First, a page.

It is worth noting that the African Union Advisory Board Against Corruption (AUABC) has praised Tanzania for making significant efforts – and demonstrating its intent – to stamp out corruption, including through school clubs, an initiative launched in 2015 to encourage learners to campaign against corruption. Tanzania is the 84th least corrupt nation out of 180, according to Transparency International’s 2023 Corruption Perception Index, a performance that could partly be attributed to citizen engagement.

Noteworthy is that the United Nations Convention against Corruption (UNCAC) provides the foundation for citizen participation in anti-corruption efforts and obligates states to take appropriate measures to promote the active participation of individuals and groups outside the public sector, such as civil society, non-governmental and community-based organisations, in the fight against corruption.

Charles Kulo, an anti-corruption campaigner in Uganda, believes that youth participation is essential. “The youth must be a pillar in the fight against corruption, since it affects them the most,” he says. “Support a corruption free Uganda … together, we shall stop corruption.”

Victor Bruno Paledi, the director general of the Directorate on Corruption and Elections crime in Botswana agrees. “We need deeper conversations amongst young people on ways to tackle corruption in Africa,” he says.

However, for real progress, citizens must stand together to fight corruption, thinking beyond regional, tribal, and religious loyalties, some of the tools used to conceal wrongdoing and hinder accountability.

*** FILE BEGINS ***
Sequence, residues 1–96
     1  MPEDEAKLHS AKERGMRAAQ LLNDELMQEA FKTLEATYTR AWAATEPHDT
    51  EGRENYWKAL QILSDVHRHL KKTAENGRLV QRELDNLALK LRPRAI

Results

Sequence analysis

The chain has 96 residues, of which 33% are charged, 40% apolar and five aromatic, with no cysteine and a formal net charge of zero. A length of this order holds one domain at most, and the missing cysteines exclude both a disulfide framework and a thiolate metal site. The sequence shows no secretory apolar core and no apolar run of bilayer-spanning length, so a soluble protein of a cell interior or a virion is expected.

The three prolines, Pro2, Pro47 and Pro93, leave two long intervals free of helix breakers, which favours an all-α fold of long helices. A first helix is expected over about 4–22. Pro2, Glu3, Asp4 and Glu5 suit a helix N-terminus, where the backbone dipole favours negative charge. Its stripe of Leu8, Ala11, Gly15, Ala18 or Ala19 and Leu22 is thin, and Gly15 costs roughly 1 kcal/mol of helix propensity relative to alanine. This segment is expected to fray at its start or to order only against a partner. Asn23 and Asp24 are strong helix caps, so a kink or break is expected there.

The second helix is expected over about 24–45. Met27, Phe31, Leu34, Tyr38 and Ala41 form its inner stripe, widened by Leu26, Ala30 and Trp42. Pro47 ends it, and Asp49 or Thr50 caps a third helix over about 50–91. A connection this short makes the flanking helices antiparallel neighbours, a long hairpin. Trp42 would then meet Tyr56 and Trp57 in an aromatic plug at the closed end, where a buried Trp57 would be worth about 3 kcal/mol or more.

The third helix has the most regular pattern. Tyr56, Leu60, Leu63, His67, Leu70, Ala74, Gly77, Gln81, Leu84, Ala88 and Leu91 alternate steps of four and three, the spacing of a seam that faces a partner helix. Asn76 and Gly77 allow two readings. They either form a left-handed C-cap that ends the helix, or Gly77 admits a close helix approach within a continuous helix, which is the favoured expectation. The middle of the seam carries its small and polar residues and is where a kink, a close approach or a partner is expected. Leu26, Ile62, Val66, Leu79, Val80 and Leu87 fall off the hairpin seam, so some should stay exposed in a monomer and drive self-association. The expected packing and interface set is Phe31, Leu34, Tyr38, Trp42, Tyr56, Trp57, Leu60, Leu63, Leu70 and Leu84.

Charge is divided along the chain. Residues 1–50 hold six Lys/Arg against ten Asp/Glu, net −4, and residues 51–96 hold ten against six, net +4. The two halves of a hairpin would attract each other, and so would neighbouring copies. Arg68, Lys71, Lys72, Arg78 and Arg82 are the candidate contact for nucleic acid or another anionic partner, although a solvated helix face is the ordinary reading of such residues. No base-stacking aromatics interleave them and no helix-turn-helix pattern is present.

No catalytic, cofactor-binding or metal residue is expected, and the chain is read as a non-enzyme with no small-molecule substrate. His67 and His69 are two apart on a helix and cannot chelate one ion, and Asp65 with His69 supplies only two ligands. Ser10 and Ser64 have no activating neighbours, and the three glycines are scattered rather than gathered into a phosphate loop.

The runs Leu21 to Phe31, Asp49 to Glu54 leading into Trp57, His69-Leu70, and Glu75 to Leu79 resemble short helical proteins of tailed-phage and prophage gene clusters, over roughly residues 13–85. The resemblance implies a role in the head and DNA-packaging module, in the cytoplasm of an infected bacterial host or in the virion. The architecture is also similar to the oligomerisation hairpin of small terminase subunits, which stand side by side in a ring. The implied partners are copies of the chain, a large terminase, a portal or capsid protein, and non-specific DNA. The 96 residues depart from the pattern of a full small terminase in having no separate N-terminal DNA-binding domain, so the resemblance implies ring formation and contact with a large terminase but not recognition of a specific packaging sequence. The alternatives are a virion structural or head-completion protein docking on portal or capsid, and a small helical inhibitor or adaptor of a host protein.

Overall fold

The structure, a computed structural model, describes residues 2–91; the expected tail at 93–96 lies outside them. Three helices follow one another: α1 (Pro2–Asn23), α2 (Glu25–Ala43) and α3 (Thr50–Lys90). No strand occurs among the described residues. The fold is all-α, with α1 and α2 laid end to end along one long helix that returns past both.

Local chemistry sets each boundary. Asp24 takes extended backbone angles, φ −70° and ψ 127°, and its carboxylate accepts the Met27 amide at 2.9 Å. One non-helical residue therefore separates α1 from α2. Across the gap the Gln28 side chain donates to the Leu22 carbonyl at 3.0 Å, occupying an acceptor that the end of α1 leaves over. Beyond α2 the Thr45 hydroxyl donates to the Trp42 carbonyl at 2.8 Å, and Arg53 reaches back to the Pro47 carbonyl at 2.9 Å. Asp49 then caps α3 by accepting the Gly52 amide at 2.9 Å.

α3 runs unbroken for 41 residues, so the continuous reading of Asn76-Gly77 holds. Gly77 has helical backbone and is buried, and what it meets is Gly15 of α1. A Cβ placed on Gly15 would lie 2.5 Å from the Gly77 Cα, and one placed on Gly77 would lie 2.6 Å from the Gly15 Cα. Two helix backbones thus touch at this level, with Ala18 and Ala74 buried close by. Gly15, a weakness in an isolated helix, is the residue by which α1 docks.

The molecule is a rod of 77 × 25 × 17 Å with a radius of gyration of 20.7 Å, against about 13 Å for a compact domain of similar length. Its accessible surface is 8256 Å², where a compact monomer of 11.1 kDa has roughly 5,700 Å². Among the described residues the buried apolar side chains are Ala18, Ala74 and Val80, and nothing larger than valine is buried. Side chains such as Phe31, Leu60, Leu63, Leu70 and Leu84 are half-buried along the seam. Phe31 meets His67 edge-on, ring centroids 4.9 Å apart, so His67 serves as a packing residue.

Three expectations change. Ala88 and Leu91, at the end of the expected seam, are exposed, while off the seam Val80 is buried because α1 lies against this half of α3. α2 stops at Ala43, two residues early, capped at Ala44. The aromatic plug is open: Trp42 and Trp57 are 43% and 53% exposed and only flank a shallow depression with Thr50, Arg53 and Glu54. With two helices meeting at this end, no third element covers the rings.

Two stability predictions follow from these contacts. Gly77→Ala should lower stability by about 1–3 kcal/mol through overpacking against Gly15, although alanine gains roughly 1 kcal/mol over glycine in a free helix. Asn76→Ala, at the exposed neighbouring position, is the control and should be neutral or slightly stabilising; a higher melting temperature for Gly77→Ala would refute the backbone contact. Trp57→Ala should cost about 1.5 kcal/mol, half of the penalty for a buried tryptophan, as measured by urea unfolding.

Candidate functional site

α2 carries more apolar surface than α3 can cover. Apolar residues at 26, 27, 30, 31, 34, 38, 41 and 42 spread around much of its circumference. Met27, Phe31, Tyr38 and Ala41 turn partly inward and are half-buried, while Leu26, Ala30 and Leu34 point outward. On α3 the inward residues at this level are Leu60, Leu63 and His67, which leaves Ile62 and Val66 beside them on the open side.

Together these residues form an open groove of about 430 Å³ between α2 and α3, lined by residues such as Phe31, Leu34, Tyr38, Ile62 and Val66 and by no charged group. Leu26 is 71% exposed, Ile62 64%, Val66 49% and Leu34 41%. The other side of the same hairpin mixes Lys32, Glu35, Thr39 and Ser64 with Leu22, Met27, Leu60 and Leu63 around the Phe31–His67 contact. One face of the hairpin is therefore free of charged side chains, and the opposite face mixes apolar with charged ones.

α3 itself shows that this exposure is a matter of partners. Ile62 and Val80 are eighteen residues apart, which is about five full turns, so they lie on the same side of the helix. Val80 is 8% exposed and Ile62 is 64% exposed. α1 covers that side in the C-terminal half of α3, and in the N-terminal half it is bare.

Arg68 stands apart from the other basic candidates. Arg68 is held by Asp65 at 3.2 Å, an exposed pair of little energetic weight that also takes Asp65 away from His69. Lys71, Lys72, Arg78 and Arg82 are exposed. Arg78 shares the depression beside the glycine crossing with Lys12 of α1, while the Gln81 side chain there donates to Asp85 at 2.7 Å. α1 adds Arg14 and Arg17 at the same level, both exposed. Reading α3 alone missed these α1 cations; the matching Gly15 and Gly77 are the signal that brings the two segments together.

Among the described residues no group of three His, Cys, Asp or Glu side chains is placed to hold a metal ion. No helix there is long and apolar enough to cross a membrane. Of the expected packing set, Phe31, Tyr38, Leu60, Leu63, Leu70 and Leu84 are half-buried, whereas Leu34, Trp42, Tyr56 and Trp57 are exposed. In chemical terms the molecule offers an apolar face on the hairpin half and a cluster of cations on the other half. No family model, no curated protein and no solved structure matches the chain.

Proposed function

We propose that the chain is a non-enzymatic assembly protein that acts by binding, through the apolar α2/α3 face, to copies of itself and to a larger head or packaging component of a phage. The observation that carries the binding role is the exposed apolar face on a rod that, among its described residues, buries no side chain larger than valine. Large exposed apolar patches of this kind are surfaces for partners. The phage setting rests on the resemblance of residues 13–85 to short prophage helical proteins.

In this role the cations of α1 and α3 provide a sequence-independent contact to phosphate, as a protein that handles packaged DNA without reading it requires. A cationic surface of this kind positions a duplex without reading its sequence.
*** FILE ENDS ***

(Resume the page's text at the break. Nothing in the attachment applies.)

In Kenya, which scored 31 points on the 2023 Corruption Perceptions Index, there have been calls for the government to establish a State Capture Commission to demonstrate commitment to the fight against graft and to promote good governance. Kenya’s score fell below the sub-Saharan Africa average score of 33 and the global average of 43; a score below 50 indicates serious levels of public sector corruption. The Corruption Perceptions Index scores on a scale from 0 (highly corrupt) to 100 (very clean).

Similarly, South Africa, which achieved its lowest score ever on the CPI Index, at 41 points out of 100, is grappling with how to deal with corruption in the face of growing public anger at the hollowing out of state-owned companies, the breakdown of service delivery, and with, to date, none of the government ministers and functionaries implicated in graft yet prosecuted.

In referring to his own country, Rockson-Nelson Dafeamekpor, a legislator in Ghana, also summed up what other African countries must do to counter corruption, telling Africa in Fact, “Nothing will minimise or stop corruption in Ghana until constitutional law empowers all incoming governments to probe and hold accountable all outgoing governments.”

Truth be told, nothing less than robust and decisive action is required to fight the pervasive corruption that continues to undermine good governance in Africa. It has become fashionable for leaders in Africa to say “we are going to fight corruption” but we need decisive action, leaders who are fully committed to securing brighter futures for their countries, instead of mouthing platitudes for the cameras or as a sop to a public outcry. 

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Raphael Obonyo is a public policy analyst. He’s served as a consultant with the UN Department of Economic and Social Affairs (UNDESA). An alumnus of Duke University, he has authored and co-authored numerous books, including Conversations about the Youth in Kenya (2015). He is a TEDx fellow and has won various awards.


Raphael Obonyo is a public policy analyst. He’s served as a consultant with the UN Department of Economic and Social Affairs (UNDESA). An alumnus of Duke University, he has authored and co-authored numerous books, including Conversations about the Youth in Kenya (2015). He is a TEDx fellow and has won various awards.